The Three Gorges Dam in China is the world’s largest hydro-electric scheme in the contemporary world. After the construction of the Dam, great changes took place on the residents’ lifestyles characterized by reduced physical activity due to the loss of arable land and a series of psychological problems caused by resettlement, which might be regarded as contributing factors to the development of diabetes in Three Gorges Reservoir Region (TGRR). However, there is no study that has been conducted targeting large population samples with the aim of determining the prevalence of diabetes in TGRR. This study purposed to estimate the prevalence of diabetes and impaired fasting glucose (IFG) in the adult population ≥18 years in TGRR and to evaluate the associated risk factors.
A total of 3721 randomly selected adults, aged ≥18 years and having lived in TGRR for at least one year, participated in questionnaire-based interview from April to May 2013 and had their physical examinations and standard glucose taken. 75 g oral glucose tolerance test (OGTT) was conducted on the subjects with fasting glucose levels being ≥ 5.6 mmol/L. Diabetes and IFG were defined according to WHO 1999 criteria.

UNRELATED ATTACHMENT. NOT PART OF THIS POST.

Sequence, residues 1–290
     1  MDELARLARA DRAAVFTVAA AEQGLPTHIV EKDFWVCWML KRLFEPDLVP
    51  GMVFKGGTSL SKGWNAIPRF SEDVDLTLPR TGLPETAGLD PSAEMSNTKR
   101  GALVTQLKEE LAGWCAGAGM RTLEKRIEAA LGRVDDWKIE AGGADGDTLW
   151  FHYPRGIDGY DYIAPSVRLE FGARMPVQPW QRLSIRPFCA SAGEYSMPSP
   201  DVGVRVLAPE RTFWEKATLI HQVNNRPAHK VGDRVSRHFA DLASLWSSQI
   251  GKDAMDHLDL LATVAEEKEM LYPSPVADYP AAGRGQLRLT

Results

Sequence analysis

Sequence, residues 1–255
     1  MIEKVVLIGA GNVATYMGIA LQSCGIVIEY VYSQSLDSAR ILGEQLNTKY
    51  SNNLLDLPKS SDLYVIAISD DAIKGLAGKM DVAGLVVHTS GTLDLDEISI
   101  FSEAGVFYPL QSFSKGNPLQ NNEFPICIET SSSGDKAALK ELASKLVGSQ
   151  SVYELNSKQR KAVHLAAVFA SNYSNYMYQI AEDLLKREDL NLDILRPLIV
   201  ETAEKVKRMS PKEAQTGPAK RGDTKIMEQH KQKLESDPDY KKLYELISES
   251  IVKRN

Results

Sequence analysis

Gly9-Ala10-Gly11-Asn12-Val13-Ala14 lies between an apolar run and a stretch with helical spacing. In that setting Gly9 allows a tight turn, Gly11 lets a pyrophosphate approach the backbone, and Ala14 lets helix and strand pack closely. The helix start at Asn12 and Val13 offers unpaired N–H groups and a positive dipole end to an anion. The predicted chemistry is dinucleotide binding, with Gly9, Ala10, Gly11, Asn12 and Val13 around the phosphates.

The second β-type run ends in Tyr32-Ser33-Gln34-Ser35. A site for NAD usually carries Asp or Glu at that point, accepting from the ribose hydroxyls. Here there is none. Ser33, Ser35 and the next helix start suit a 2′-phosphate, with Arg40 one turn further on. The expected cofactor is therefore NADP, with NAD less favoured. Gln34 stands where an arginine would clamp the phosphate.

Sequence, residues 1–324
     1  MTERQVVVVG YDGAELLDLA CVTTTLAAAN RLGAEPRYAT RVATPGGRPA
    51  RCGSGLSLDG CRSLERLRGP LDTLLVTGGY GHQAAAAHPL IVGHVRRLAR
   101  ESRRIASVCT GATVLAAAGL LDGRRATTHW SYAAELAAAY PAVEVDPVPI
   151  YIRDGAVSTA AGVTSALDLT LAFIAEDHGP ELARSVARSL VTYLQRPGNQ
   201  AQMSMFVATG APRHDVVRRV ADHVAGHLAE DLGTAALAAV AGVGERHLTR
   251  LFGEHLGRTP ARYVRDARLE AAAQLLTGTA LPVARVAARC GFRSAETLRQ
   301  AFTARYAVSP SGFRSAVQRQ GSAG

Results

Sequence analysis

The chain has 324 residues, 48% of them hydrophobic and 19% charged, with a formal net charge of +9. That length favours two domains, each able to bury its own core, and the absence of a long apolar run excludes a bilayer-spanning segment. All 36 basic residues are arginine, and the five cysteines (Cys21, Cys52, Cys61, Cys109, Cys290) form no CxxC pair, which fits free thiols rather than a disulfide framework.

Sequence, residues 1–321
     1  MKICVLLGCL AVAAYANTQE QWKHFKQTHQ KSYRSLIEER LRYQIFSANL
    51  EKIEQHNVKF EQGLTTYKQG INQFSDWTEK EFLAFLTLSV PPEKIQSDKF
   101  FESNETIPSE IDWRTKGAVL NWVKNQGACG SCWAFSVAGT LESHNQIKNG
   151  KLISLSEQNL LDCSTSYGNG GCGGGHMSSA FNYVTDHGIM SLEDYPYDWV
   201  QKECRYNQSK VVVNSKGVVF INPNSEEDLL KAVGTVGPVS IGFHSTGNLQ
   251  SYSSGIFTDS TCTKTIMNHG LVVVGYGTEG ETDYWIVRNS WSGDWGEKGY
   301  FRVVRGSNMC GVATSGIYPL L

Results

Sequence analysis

The age-standardized prevalence of diabetes and IFG were 7.6% (7.9% among men and 7.4% among women) and 9.0% (9.1% among men and 8.9% among women), respectively. Among the identified cases of diabetes in this study, 54.46% (171/314) were newly diagnosed. The prevalence of diabetes cases rose with age (4.0%, 4.5%, 8.1%, 11.2%, 12.4% and 12.9% among persons who were 18 to 29, 30 to 39, 40 to 49, 50 to 59, 60 to 69 and ≥ 70 years of age, respectively). The results of multivariate logistic-regression analyses showed that the diabetes was significantly linked to age, family history of diabetes, central obesity, educational level and hypertension for both men and women. In addition, smoking was significantly associated with diabetes in men.
Diabetes has become a major public health problem in the TGRR with a large number of the cases undiagnosed. These results suggest that regular population-based diabetes screening should be conducted to identify early-stage diabetes and integrated strategies aimed at the prevention and treatment of diabetes initiated.